July 18, 1855 Articles of Agreement and Conventions made and concluded at Laguna Negra, in the Territory of New Mexico this eighteenth day of July, one thousand eight hundred and fifty five by David Meriwether, sole Commissioner, duly appointed for that purpose on the part of the United States and the undersigned chiefs, captains, and headmen, of the Navajo tribe or nation of Indians; they being thereto duly authorized and acting for and in behalf of their respective bands.
Peace and friendship ARTICLE FIRST. Peace, friendship, and amity shall forever hereafter exist between the United States of America and the Navajo tribe or nation of Indians, and this Convention, and every article and stipulations thereof shall be perpetual, and observed and performed in good faith.
Abstain from committing hostilities.
Cultivate good will and friendship.
ARTICLE SECOND. The Navajos do hereby Covenant and agree that peaceful relations shall be maintained amongst themselves and all other bands tribes and nations of Indians within the United States, and that they will abstain from committing hostilities or depredations, in future, and cultivate mutual good will and friendship.
Navajos to cede all claims of their lands to the United States.
To settle on lands reserved to them.
To cultivate the soil, and raise flocks and herds for sussistance.
President will withhold annuities whenever Navajos shall violate treaty.
ARTICLE THIRD. The Navajos hereby cede and forever relinquish to the United States all title or claim whatsoever, which they have or ever have had to lands within the Territory of New Mexico, except as much as is hereinafter reserved to them. And the Navajos further agree and bind themselves, to remove to, and settle on the lands reserved to them, within twelve months after the ratification of this treaty, without any cost or charge to the United States whatsoever, for their removal: and that they will cultivate the soil and raise flocks and herds for a subsistance; and that the President may withold the annuities herein stipulated to be paid, or any part thereof, whenever the Indians shall violate, fail, or refuse to comply with any provisions of this instrument, or to cultivate the soil in good faith.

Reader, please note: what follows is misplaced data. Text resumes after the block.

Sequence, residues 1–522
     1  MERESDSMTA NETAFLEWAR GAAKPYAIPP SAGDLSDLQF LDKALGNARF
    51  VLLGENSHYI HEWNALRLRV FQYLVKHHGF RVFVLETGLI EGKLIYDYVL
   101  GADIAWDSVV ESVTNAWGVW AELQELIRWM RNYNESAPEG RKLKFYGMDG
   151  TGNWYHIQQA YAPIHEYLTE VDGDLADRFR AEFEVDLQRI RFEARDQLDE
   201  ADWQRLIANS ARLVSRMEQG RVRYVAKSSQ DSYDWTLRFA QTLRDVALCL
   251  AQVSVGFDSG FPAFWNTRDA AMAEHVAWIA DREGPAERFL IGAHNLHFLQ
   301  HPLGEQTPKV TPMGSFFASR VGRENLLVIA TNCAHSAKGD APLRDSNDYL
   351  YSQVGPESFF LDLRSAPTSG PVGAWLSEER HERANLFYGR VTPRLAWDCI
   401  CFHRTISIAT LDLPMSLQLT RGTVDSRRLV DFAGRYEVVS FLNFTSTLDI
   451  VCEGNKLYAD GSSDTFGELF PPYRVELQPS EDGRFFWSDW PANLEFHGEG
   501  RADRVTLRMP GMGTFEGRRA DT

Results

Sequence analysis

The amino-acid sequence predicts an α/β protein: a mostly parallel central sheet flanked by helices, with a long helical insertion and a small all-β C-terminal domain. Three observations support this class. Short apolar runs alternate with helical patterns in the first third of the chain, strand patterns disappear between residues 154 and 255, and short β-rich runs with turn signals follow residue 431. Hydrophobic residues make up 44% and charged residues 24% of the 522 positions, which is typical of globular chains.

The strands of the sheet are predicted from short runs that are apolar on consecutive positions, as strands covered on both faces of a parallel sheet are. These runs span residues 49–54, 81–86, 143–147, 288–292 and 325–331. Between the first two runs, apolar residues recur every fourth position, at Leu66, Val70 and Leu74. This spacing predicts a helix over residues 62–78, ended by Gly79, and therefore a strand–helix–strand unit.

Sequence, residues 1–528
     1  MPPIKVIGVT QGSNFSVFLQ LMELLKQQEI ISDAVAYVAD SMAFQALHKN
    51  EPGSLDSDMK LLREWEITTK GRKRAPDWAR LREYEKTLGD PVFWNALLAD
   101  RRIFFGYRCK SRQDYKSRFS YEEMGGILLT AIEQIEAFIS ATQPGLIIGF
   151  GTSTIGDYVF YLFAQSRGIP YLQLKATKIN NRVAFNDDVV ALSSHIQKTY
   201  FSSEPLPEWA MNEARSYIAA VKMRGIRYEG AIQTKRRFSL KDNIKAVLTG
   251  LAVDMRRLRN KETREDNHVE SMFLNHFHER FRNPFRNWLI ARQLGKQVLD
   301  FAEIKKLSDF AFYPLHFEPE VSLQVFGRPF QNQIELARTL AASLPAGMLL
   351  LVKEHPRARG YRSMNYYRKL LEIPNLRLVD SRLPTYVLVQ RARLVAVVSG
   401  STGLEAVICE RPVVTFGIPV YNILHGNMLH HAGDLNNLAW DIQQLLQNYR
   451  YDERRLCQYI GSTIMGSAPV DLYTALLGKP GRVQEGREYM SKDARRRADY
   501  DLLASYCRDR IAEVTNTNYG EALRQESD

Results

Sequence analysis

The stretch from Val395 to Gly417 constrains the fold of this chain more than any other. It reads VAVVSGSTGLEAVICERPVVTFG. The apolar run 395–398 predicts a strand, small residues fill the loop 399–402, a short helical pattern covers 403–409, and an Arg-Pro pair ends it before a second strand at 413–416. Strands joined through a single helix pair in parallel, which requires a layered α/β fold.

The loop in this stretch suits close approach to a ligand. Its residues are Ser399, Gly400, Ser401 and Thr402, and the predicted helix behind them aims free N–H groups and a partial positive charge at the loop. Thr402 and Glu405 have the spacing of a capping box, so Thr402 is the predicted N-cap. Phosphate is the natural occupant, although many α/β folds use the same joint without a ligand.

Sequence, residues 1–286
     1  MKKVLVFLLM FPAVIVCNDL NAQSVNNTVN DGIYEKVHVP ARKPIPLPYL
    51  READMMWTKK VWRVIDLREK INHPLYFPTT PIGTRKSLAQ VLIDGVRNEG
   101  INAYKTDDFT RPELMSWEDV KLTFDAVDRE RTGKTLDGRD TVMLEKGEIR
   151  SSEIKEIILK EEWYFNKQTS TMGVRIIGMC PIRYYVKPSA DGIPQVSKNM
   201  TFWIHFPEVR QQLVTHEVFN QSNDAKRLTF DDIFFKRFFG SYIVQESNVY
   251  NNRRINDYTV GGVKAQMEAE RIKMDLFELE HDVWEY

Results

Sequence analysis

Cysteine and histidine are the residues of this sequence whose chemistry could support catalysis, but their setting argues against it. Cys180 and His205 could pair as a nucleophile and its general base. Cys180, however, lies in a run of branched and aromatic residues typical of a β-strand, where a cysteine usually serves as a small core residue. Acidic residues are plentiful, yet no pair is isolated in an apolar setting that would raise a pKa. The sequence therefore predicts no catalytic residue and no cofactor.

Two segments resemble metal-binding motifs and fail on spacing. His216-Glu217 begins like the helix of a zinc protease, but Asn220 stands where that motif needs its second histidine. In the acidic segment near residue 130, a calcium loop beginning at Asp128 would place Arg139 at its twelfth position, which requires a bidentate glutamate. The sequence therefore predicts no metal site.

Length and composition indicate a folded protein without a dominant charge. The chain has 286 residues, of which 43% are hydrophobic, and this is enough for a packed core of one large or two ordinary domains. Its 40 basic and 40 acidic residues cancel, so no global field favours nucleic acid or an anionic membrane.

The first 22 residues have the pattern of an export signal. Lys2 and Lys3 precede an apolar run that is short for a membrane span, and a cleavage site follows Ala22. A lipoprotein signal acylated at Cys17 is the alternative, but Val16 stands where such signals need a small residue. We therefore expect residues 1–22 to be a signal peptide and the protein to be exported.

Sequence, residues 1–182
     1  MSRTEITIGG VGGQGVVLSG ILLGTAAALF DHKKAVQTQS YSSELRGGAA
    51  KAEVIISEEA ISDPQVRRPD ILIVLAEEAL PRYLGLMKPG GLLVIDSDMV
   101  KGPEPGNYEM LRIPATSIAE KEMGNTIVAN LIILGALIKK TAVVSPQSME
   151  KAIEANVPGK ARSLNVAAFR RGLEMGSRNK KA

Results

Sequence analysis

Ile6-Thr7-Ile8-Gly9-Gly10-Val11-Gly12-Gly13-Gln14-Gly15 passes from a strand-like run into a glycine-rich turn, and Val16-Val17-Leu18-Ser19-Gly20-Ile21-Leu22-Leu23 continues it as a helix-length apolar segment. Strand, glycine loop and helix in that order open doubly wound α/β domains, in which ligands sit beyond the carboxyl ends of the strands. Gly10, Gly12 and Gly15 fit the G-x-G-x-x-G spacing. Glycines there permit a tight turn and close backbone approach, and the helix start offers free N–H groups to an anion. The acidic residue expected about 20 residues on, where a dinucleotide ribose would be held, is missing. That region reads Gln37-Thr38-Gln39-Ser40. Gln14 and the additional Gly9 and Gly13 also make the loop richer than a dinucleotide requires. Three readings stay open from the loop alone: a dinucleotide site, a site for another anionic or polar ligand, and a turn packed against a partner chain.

Land set aside for Navajos.

U.S. to define the boundaries.

President may assign 20 acres per single person; 40 acres for a family of less than 5; 60 acres for a family greater than 5.

President may assign other lands in exchange for mineral lands.

Road, highways, and railroads shall have right of way, possibly free of charge.

President may establish military post.